Christian and Jewish? How One Interfaith Family in Bibb County Does It

7:03 PM, Dec 23, 2011   |    comments
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Shaw Bullington and her 5-year-old twin boys read from a book of Christmas stories, the children's rapt faces illuminated by the soft glow of a Menorah.

It's a typical holiday season in their Bibb County home. Bullington is a practicing Christian. Her husband, Richard, is Jewish.

She says a lot of thought and long conversations went into the decision to raise their children with both faiths -- and so far, she says, it's working.

"We give them a lot of both," says Bullington, with a laugh. She casts a glance around the living room decorated with Stars of David and Santa Claus. "As you can tell by our home, it's over-inundated with both."

She recognizes that, to some adults, their decision seems confusing.

"I know that it's a fear of my husband's family that the Christian side of the holiday season is going to take over, you know? And then the Christian side of my family is worried that the Hanukkah, the Jewish side, will take over."

But to the kids, it seems simple.

Cameron sums it up: "It means everybody will be happy."

For 5-year-olds, both children have an impressive knowledge of both traditions.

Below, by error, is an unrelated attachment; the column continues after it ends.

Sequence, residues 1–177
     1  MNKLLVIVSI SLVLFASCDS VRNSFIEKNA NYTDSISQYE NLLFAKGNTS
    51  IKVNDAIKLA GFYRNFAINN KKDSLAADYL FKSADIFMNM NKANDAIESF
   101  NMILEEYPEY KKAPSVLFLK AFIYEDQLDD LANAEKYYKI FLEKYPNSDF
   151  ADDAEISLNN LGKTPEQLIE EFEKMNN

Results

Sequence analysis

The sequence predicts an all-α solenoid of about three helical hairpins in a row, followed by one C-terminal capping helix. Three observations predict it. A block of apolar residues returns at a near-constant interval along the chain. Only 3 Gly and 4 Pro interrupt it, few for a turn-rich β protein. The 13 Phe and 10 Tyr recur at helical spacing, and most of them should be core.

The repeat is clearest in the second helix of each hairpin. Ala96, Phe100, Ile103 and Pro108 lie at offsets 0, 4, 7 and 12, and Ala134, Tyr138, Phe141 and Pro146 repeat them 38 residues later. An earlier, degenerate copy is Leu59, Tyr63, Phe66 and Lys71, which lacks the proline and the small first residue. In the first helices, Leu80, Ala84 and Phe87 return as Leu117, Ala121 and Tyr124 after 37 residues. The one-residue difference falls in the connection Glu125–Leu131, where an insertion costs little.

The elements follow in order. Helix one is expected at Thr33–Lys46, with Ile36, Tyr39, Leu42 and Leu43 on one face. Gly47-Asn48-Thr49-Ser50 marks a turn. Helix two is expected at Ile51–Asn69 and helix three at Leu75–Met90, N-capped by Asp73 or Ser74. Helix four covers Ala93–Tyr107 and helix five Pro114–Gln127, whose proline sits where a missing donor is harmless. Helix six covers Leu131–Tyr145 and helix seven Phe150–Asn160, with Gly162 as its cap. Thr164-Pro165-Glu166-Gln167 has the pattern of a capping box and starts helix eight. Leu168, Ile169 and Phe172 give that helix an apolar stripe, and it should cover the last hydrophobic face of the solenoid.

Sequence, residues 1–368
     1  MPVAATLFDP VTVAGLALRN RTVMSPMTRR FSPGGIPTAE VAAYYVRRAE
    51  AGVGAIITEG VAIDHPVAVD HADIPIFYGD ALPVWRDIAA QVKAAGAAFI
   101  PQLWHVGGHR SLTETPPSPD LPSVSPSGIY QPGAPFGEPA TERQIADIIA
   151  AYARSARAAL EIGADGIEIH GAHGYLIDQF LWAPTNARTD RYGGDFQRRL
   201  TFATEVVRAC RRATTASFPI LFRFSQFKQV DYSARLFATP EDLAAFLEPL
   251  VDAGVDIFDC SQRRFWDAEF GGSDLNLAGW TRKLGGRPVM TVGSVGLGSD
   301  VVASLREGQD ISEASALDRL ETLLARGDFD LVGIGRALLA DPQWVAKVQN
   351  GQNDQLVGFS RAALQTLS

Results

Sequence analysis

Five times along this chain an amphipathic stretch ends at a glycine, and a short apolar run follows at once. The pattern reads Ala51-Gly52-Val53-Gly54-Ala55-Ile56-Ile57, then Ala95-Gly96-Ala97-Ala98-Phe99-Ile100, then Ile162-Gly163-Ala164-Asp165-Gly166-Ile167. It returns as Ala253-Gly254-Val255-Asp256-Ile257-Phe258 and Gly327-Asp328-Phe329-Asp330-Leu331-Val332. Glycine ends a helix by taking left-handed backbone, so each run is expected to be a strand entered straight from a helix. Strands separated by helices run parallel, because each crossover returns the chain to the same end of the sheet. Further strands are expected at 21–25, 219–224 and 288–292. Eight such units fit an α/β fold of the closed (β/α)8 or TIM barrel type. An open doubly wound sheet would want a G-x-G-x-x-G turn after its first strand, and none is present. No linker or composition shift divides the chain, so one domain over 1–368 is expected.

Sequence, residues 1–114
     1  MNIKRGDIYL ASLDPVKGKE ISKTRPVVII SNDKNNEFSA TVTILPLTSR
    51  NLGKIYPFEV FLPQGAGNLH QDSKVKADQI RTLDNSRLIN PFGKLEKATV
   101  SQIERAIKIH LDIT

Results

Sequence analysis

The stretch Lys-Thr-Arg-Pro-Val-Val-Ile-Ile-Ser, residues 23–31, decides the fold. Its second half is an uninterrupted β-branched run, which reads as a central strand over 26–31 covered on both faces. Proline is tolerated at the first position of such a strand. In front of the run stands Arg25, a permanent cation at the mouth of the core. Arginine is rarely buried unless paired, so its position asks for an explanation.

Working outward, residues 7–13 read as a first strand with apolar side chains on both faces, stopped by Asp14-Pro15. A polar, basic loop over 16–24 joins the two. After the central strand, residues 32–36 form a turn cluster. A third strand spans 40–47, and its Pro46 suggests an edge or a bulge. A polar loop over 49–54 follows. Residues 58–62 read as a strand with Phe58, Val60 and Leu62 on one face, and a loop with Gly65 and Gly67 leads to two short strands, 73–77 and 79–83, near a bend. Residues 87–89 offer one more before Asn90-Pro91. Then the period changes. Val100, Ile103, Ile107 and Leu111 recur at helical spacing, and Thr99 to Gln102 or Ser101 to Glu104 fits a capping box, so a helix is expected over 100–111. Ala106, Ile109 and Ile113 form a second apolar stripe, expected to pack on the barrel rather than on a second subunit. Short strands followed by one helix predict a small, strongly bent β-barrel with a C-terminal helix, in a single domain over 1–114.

Porter can tell you that Hanukkah is a celebration of the Macabees' military victory --  though as a kid, he doesn't put it quite like that.

They both know traditional Jewish prayers, which they'll proudly recite on request.

So far, Bullington says they're too young for tough questions. But she says when they come, she and Richard will be ready.

"The questions come along as they start exploring faith," says Bullington. "I think, as adults, we all have hard questions."

The family doesn't mix the traditions.

On Christmas, Bullington says they'll open presents and celebrate the birth of Christ with her family.

For Hanukkah, they'll join Richard's parents for a traditional meal and lighting the Menorah.

"I feel like God loves us all, and he created us all in His image," explains Bullington. "I want our kids to see that more than one type of person makes the world go round."

And she says when her children grow up, it won't matter to her if they hang Star of David lights, or baby Jesus figures in their home.

"I think it's so incredibly important that whichever path they choose, it's whole-hearted."

 

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